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Stories from the Verse
In Verse Proportion
Chapter 3: Brown 196
Table of Contents
Previous chapter: Slade 168
Derek stared open-mouthed at the entity addressing him. If it had been more like a human, he would have called it an android, a robot designed to look like a human. It had been designed, quite obviously, to look like the indigs, the little greenish humanoids he had already encountered on this huge lost colony spaceship before he had programmed the computer to accept him and his new bride Vashti as officers and promote them to the highest open positions. This robot appeared to have become captain at some point.
The robot repeated itself: “Commander Brown, Commander Brown, please take your stations.”
Finding his sense, Derek stood straight and made an effort at a respectful salute. “Yes, captain. I’m afraid this is our first time on this bridge. Could you point us to our stations?”
“Commander Brown,” he said, indicating to his right, “over here, and Commander Brown,” he shifted to point to his left, “over there.”
Derek stared for a moment, then said, “I’m sorry, Captain, could you clarify that?”
“How could it be more clear?” the machine asked rhetorically. “Commander Brown over here, and Commander Brown over there.”
“Fascinating,” Derek said. “It must be a limitation in the programming.”
“I beg your pardon?”
“I take it you are an A.I., an artificial intelligence,” Derek posited.
“As I understand your language, that would be a not inaccurate identification.”
“You obtained your knowledge of our languages by downloading the translation program I installed in the main computer.”
“Indeed, and let me say that was some excellent programming work. I shall be interested in where you learned these skills.”
“Well, that’s complicated, and I will be glad to explain. Are you fully integrated into the computer, or do you connect and disconnect as it suits your purpose?”
“The latter. The ship’s computer is not what you would call intelligent, although extremely sophisticated. I am an independent homonoid artificial intelligence.”
“Oh, I like that word. Homonoid? I don’t think that was in my uploaded dictionary.”
“No, I constructed it from an analysis of your morphology.”
“Yes. It means ‘same-like’, not ‘man-like’ as android means, because you’re not designed to be like men but like the indigenous creatures on this ship.”
“So you have the ability to analyze and modify languages you have learned.”
“Yet you have trouble with our names.”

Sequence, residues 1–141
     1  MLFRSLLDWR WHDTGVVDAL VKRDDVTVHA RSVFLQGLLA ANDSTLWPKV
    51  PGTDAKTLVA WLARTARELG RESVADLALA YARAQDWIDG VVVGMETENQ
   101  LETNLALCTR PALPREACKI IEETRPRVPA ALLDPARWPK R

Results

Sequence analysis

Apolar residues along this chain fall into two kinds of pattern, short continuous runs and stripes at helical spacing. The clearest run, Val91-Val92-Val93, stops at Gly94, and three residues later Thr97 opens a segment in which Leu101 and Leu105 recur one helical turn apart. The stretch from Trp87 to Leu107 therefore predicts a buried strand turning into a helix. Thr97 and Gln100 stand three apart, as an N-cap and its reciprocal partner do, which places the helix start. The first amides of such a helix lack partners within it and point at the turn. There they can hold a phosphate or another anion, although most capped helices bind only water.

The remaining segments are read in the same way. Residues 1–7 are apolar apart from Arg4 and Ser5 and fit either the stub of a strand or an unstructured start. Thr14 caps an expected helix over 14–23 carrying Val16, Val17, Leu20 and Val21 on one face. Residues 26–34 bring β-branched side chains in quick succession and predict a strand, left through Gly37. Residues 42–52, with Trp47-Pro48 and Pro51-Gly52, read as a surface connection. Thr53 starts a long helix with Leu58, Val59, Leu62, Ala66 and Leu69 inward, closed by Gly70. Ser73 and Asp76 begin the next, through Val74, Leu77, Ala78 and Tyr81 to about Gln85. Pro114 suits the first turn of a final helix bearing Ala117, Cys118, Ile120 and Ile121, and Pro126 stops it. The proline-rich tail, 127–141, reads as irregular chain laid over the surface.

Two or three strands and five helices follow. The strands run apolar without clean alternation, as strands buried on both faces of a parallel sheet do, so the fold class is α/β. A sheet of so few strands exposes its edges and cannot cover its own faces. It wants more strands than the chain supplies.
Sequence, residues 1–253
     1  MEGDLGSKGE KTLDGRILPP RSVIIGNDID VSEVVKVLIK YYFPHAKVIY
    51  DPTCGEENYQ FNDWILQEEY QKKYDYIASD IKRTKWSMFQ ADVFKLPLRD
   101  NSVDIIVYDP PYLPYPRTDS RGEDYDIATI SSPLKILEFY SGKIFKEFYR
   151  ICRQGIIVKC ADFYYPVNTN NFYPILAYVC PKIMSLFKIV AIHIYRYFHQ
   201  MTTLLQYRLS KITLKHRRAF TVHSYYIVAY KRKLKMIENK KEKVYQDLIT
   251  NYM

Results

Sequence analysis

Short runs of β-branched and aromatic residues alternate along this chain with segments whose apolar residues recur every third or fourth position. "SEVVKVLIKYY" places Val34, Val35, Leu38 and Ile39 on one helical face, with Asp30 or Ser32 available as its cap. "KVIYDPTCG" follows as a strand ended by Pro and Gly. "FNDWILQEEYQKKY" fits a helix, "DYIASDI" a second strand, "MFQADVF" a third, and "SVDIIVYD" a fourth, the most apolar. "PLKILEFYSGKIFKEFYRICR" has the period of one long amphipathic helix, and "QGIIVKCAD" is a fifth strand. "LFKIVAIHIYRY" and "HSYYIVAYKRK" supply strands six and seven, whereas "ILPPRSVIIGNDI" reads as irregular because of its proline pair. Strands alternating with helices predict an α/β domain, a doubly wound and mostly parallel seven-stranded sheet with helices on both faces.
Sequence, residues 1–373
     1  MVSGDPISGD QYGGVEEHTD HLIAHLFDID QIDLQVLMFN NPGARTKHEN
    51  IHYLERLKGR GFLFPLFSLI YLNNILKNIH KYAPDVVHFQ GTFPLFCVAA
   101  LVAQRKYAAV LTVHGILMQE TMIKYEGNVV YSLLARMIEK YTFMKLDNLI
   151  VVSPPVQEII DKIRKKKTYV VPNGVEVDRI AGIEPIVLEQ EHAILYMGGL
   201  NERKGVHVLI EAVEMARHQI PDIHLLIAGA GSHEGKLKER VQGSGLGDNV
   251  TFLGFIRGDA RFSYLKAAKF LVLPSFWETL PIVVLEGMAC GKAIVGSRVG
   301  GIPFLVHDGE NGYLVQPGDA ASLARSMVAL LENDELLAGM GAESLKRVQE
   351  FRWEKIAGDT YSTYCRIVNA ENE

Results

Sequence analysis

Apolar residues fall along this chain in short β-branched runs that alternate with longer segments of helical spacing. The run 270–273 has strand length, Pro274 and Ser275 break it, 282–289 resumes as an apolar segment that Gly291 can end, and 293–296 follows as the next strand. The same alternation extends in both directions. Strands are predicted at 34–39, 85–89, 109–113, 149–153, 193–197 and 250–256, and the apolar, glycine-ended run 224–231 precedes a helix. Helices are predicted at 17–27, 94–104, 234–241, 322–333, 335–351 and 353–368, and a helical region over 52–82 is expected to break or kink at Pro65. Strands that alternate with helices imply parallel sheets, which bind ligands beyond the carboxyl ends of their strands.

“Trouble? I don’t see the trouble. What is the problem?”
“O.K., who am I?”
“And who is she?” he said, pointing to Vashti.
“And you don’t see the problem. Obviously the way your system works, you have a designation--probably a binary string--that identifies each of us individually, but when you feed those strings to the translation program to bring them into speech they both convert to the same output?”
“And since you’re not analyzing your own speech, you don’t recognize it. Let’s try this: who is Commander Brown?”
The A.I. stared at him for a moment, then spoke. “I’m afraid that there seems to be a glitch in the program. Those sounds do not return an identification.”
“Ah, but listen to yourself as you speak. Who am I?”
“And who is she?”
“Commander Brow--oh, I see. Both identifications translate to the same audio output. Does that not get confusing for you?”
“Not for us, because we never call each other that.”
“So, what do you call each other?”
“Well, lots of things, really, because humans do that. But you should have our full names on file. Who are we, using our full names?”
“You are Commander Derek Jacob Brown, and she is Commander Vashti Brown, Amira.”
“So the solution would seem to be that you should modify the translation file so that when you address us you use different names for us. I can see that our full names would be awkward, but at least when we are both present you should probably address me as ‘Commander Derek’ and my wife as ‘Commander Vashti’. That way everyone knows who you mean.”
“An excellent solution. Modification made.”
“Commanders Derek and Vashti Brown reporting for duty, Captain. Please direct us to our stations.”
“Commander Derek,” it said, looking at Derek, “as my First Officer you are my left-hand man, and will sit to my left,” he said, pointing to what was now his right, as he was standing in front of his chair facing aft. “Commander Vashti, as second officer, will sit at that station when one of us is not on the bridge, as you will of course sit in the Captain’s chair if I am not here and she will act as first officer if you are not sitting there. Otherwise, she will be over there, to the right, at navigation.”
It occurred to Derek that Vashti knew less than nothing about navigation, but from what he had seen there wasn’t much to navigate. “Very good,” he said. “And what do we call you?”
The homonoid hesitated, then said, “The translation program does not appear to have an audio file corresponding to my identifier,” it said. “I suppose you shall just have to call me ‘Captain’.”
“That works,” Derek answered, and parking his bicycle against an empty seat moved to his station.
There is a behind-the-writings look at the thoughts, influences, and ideas of this chapter, along with twenty other sequential chapters of this novel, in mark Joseph "young" web log entry #432: Whole New Worlds. Given a moment, this link should take you directly to the section relevant to this chapter. It may contain spoilers of upcoming chapters.
As to the old stories that have long been here: